February 05, 2015 - 2:36 PM
KELOWNA – Kelowna RCMP "routinely" violate the right to privacy of female prisoners during strip searches at the detachment and show "ignorance of the law" on the subject, according to a ruling from a provincial court judge.
Judge Ellen Burdett said local Mounties' practice of recording and broadcasting female strip searches to a guard room is in clear violation of 14-year-old laws establishing proper procedure.
“Videotaping inside strip search rooms and simultaneous broadcasting to a central monitoring location is a routine policy at the Kelowna detachment, and not related to the unique circumstances of any individual case," Burdett said in a Jan. 23 judgment. "That 'routine policy’, breaches the intent and spirit of (case law). The interests of the police of maintaining safety in the search rooms and preserving evidence are not so compelling that they outweigh (the) expectation of privacy that her strip search not be videotaped and monitored remotely.”
In February 2014, Madison Fine, a drug dealer well-known to police, was taken into a separate closed room to be strip searched. She was asked to remove her shirt and later her pants and underwear. She was attended by a female RCMP officer and a female guard, but the event was also recorded and broadcast to a guard room where guards and officers monitor the cells. No one told Fine it was being recorded or broadcast.
Fine asked Burdett to find the practice was a breach of her charter right to unreasonable search and seizure and a right to privacy. While the judge ruled against Fine, she had strong words for how Kelowna RCMP handled not just Fine's search, but all strip searches.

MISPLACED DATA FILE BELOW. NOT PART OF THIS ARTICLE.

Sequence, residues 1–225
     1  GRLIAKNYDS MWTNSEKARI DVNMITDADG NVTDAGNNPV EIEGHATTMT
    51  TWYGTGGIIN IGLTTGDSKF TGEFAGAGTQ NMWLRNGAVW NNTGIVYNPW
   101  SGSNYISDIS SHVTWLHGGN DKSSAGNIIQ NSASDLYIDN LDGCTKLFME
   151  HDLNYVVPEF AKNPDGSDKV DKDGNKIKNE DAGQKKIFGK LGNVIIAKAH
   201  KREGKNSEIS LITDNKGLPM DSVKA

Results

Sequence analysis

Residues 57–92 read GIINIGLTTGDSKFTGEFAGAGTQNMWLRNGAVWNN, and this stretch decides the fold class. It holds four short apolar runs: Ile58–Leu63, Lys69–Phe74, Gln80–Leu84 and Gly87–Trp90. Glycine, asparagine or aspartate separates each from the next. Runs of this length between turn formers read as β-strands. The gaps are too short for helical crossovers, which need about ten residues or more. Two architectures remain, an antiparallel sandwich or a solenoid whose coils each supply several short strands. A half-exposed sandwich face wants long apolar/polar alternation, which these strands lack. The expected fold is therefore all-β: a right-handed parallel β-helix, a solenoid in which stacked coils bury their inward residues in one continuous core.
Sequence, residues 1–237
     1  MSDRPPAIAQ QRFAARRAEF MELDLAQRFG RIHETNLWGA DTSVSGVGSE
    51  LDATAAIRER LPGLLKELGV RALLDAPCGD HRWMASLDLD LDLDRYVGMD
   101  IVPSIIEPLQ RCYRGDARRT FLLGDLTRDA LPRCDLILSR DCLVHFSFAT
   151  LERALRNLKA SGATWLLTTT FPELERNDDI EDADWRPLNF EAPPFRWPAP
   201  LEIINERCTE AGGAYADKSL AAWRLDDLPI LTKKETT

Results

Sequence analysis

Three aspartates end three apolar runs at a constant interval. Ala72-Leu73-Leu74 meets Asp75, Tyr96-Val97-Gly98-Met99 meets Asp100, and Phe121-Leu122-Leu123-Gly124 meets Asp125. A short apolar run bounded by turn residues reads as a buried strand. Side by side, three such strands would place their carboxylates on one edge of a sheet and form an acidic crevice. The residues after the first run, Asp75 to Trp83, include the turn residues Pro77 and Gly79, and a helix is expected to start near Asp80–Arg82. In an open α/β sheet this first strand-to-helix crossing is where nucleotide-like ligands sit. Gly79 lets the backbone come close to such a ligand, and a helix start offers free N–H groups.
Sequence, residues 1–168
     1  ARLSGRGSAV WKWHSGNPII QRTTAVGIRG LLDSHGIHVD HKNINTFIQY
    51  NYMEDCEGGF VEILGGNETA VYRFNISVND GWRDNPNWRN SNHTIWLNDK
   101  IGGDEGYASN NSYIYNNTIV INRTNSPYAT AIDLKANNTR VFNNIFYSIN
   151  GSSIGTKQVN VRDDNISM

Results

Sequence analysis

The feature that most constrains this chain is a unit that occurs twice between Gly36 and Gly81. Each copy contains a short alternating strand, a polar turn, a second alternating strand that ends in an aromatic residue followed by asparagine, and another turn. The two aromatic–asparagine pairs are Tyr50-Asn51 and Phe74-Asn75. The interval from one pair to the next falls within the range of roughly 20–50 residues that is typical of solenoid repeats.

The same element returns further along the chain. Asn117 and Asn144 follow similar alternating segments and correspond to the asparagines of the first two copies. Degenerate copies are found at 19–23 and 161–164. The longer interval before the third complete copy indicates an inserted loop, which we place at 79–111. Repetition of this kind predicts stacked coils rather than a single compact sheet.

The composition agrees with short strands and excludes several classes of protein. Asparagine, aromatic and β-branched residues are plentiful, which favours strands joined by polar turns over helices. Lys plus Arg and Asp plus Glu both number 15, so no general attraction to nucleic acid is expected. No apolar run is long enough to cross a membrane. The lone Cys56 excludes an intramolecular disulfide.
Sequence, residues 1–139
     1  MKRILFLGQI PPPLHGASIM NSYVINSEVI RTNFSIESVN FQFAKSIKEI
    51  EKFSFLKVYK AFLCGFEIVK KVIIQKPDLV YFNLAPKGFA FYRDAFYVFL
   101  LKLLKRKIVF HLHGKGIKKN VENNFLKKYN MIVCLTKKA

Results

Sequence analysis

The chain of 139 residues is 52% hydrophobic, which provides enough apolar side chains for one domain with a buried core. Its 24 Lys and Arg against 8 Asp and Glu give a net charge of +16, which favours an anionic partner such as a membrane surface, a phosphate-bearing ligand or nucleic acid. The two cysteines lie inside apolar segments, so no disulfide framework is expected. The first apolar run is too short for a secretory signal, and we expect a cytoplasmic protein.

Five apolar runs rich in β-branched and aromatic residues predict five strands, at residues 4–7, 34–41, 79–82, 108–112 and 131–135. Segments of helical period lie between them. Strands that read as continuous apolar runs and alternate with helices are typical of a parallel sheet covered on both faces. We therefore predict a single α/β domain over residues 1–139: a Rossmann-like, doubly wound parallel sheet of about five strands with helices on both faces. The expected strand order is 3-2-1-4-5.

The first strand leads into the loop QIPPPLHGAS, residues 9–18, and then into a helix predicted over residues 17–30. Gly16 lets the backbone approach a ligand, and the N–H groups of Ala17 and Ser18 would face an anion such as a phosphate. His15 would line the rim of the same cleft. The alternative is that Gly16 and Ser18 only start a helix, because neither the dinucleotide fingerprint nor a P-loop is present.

“It is alarming to learn that police officers in Kelowna... have not been properly trained, and at least in this case, not required to read the policy manual on strip searches before embarking upon one," she wrote. "I recognize that the use of video cameras in the detention areas of police detachments is necessary for both safety reasons and for the preservation of evidence... However, the reasonableness of videotaping everything in the detention area should not include videotaping and simultaneously broadcasting a strip search to a central monitoring area."
Despite the ruling, police offer no indication their practices have changed. Though the case was heard in December 2014 and the decision made in January 2015, police refuse to comment on if they still have cameras on strip searches.
"It would not be appropriate for me to comment on judgements," Const. Kris Clark said.
This isn’t the first time RCMP from the B.C. Interior have been chastised for breach of privacy. In August last year Cpl. Ken Brown, two other Mounties and at least one guard were accused of failing to intervene when they watched a video monitor that showed two drunk female inmates having sex in a cell.
Charges against Brown were dismissed and those against Constables Evan Elgee and Stephen Zaharia dropped. In 2013 David Tompkins, a jail-guard employed with the City, pleaded guilty and received a one-year conditional sentence.
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